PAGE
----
She looks like one!
As Kermit so aptly put it, witches have had it rough. I’m sure that was what he referred to with his comment. Always looking out for others, that one.
Witches have always had a bit of a bad rap. If you go searching through the history books, you’ll find whole heaps of instances where a drought or famine or rash of cattle deaths — or a rash in general — prompted the good townspeople to fear a witch in their midst. One might even call them the scapegoats of humanity throughout the centuries. It resulted in not a few bogus trials and torture and death sentences. It also happened to be one of those guilt by association things. You know nice little Esther Pemberley down the street?
You do know her?!! You must be a witch too!!!! [Insert torches and angry mob with pitchforks here.]
Needless to say, the witches who were accused and inevitably found guilty met rather ignominious fates. And instead of being witches, they were mostly just…you know. Women. Sometimes old, quirky, or wealthy (magistrates loved to accuse wealthy widows because when they offed them in the “justice” system, they got to keep the
spoils estates), sometimes young and into some kind of mundane trouble.
Makes me rather happy that I not only live in a land where women are mostly equal, but I live here in the 21st century. Four hundred years ago, there is probably a stake with my name on it.
Like vampires and horror, witches were one of my childhood staples. I loved magic. I loved magic so much that I begged Santa for a real magic wand and figured he had just forgotten or ran out of time on Christmas Day that year. I subsequently looked under my bed every day for over a year. I contented myself with reading about witches or magic. Books like the Chronicles of Prydain made me yearn to be Eilonwy. Whenever I played Candy Land with friends, we fought over who got to be the magical blue witch (because as children, this is a never-ending and vital argument).
I was never afraid of witches, even the really bad ones like the WWW (Wicked Witch of the West) or Maleficent in Sleeping Beauty. I thought Glinda was a wee bit dumb. I loved the idea of witches who had power within them, wand or no wand.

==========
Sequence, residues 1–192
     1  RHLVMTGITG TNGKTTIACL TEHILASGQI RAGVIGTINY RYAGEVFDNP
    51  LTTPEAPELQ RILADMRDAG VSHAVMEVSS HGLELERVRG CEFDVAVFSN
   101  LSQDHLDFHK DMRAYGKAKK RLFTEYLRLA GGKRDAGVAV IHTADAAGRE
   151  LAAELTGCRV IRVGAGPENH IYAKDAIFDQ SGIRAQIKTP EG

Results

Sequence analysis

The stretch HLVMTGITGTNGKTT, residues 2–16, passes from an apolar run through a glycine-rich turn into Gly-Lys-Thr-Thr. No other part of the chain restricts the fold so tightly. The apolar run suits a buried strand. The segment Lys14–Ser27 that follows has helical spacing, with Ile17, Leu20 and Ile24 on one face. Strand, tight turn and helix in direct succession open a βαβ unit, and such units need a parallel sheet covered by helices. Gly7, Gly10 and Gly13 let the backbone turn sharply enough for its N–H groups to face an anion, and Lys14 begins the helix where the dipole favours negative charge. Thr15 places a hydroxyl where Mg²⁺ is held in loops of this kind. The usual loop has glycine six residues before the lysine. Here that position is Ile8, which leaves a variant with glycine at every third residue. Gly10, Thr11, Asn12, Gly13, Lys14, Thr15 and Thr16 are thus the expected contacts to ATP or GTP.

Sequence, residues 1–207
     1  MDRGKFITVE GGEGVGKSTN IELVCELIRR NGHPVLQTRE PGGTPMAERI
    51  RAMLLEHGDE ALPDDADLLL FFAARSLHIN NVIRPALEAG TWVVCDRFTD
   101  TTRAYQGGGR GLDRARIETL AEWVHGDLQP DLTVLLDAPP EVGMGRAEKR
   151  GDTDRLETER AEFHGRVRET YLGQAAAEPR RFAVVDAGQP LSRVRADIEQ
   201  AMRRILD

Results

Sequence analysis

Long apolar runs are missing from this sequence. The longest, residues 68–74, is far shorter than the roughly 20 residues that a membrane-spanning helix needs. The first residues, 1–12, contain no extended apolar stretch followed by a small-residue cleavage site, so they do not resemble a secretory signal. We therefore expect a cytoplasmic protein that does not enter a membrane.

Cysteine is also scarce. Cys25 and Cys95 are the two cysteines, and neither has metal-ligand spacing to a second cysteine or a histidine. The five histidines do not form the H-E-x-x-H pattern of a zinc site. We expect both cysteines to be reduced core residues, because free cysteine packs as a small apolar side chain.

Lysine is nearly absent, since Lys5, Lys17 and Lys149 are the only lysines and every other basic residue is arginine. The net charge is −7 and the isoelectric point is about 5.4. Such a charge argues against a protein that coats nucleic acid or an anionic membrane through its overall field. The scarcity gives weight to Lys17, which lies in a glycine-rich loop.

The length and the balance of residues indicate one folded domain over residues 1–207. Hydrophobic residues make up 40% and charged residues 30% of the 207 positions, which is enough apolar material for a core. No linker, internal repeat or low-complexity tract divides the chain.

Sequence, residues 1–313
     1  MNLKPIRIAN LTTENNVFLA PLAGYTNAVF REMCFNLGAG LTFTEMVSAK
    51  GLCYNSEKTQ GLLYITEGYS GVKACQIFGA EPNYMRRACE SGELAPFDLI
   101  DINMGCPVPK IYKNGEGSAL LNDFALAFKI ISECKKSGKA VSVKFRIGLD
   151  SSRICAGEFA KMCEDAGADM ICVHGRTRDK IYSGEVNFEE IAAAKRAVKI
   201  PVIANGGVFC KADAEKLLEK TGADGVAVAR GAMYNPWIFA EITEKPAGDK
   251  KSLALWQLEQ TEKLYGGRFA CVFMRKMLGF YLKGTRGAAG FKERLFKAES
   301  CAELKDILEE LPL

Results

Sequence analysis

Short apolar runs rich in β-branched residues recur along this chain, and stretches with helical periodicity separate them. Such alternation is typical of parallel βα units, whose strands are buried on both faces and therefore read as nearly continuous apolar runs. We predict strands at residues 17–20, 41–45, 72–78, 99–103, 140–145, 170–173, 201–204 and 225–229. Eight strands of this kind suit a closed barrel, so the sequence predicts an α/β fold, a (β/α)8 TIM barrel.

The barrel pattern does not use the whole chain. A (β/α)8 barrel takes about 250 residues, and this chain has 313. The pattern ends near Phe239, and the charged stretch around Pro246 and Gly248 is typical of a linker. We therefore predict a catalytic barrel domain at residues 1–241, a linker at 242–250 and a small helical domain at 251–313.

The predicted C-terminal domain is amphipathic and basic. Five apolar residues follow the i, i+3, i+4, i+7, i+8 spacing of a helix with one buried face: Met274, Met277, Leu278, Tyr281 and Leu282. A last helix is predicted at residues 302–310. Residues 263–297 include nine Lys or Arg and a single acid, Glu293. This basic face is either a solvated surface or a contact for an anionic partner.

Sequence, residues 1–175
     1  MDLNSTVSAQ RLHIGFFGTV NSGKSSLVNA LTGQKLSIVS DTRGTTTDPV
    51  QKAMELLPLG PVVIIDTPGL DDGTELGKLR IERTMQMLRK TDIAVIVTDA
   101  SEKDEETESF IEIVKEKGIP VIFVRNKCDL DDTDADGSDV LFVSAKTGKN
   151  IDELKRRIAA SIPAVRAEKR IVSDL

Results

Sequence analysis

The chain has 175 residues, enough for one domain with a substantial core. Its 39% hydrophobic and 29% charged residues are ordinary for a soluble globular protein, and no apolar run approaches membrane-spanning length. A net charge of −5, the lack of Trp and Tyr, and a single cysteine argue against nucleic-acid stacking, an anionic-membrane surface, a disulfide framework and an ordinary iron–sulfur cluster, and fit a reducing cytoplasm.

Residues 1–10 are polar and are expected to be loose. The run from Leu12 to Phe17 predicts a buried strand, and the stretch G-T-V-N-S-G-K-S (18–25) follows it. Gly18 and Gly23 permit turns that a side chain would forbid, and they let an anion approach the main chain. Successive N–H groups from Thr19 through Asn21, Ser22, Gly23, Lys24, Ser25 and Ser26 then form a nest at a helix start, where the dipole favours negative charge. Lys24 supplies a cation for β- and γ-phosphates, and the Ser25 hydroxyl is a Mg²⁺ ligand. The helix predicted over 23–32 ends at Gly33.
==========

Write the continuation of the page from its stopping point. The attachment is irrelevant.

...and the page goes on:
It didn’t take me long to fall in love with urban fantasy. The Night World witches came first and had me hunting through herb shops wanting to try Thea’s spells. Then I discovered the Secret Circle, and I was hooked like magic was crack. When I got older, it was the sorcerers from the Belgariad and the Aes Sedai of the Wheel of Time (I know, I know, not “witches” and not urban fantasy). Then came Kim Harrison‘s Rachel Morgan. Her witches fall into either the “earth witch” category or the “ley line” witch category. Magic has defined lines, though as Rachel of course finds out, where the line is tends to move. I liked that, but I still loved the idea of magic coming from within the character, like the Will and the Word used by Eddings, or being able to channel the One Power.
Little did I know that all of those ideas and preferences were beginning to culminate in the germination of my own witches, the ones who populate my trilogy. To me, nature is the essence of magic, and witches, if you will, are nothing more than conduits of that essence. They can change things and get nature to do things for them, but it all comes from the same place. Nature, science, that type of power that is bigger than humanity. Magic in this sense is never “good” or “evil” — it is the user that gives it the intent and meaning, for good or ill.
My question for all you fantasy readers out there — and writers — is this: how do you know she’s a witch? What gives witches their powers? Where does magic come from?
You can make it up — that’s what this is all about. But show me your magic.
How do I know she’s a witch? Well, I’ll tell you, gentle viewers.
If she weighs the same as a duck, she is made of wood! And therefore…a witch!
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